Ever wonder what our ancient forebears were drinking and what it tasted like? No? Too bad, because you’re gonna find out anyway. By analyzing gunk found in pottery, dedicated scienticians are working with joints like Dogfish Head and Great Lakes Brewing to resurrect ancient brews. From The Columbia Chronicle:
Patrick McGovern, scientific director of the Biomolecular Archaeology Project at the University of Pennsylvania Museum, is currently using beer residue extracted from ancient pottery to determine centuries-old beer recipes—in the name of science, of course.
To determine what makes up ancient ales, McGovern runs samples through an infrared spectrometer, which passes light through the residue sample and produces a chromatogram, or visible record, detailing where the chemical absorptions occur, giving clues as to what compounds are then present. According to McGovern, a sample’s compounds are separated and fed into a mass-spectrometer, which can determine the compounds’ weights. The information from the infrared spectrometer and gas or liquid chromatography-mass spectrometer allows him to identify the residue’s compounds and recreate the beers, McGovern said.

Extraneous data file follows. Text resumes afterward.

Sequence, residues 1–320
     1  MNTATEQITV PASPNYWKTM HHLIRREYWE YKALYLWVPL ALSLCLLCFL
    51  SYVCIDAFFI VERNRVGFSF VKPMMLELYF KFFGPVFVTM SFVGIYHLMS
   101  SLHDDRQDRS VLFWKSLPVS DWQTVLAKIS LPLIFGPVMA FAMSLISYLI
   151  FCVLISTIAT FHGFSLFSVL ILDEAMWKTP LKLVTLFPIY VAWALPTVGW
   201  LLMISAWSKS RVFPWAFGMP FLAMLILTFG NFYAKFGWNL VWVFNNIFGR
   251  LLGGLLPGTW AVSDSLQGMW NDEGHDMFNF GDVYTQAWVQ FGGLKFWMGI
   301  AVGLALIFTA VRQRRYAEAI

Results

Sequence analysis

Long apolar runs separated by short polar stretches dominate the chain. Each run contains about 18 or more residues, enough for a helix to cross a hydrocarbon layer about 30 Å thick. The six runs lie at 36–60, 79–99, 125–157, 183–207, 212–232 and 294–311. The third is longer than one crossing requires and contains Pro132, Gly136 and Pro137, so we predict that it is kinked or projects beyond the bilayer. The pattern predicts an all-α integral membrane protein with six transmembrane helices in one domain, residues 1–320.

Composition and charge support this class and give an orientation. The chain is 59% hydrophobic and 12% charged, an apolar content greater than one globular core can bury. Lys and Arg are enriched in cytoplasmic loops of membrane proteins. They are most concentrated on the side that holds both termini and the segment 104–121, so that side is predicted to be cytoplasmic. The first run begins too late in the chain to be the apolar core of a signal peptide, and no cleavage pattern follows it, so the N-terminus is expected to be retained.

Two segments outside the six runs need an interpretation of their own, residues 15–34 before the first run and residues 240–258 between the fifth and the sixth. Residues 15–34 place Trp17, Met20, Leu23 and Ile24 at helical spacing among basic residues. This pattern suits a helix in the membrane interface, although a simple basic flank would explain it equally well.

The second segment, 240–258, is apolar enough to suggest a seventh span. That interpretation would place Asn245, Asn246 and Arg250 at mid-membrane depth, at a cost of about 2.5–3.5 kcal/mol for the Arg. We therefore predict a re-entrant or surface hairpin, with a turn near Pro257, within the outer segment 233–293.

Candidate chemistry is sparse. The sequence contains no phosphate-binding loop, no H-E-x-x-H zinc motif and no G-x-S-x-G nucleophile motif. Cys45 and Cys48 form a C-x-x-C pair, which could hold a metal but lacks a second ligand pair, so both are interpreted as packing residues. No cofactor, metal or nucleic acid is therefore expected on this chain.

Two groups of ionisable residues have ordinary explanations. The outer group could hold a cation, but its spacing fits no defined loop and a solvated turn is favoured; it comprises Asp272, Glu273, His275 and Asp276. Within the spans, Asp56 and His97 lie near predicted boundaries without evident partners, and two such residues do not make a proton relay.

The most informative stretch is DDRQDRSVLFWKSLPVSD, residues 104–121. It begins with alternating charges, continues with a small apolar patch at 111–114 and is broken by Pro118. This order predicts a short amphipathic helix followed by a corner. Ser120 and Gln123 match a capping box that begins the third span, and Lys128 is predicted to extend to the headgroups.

I don’t really understand any of that, as I was an art student. (Totally paid for itself! Told ya, ma!) But it’s not just about the chance to taste Sumerian ale. By learning about booze brewed in the far-flung past, we can better understand how alcohol connected different regions and cultures together via trade. That’s right, booze is the foundation of our very civilization. You know it’s true. Read the whole thing here.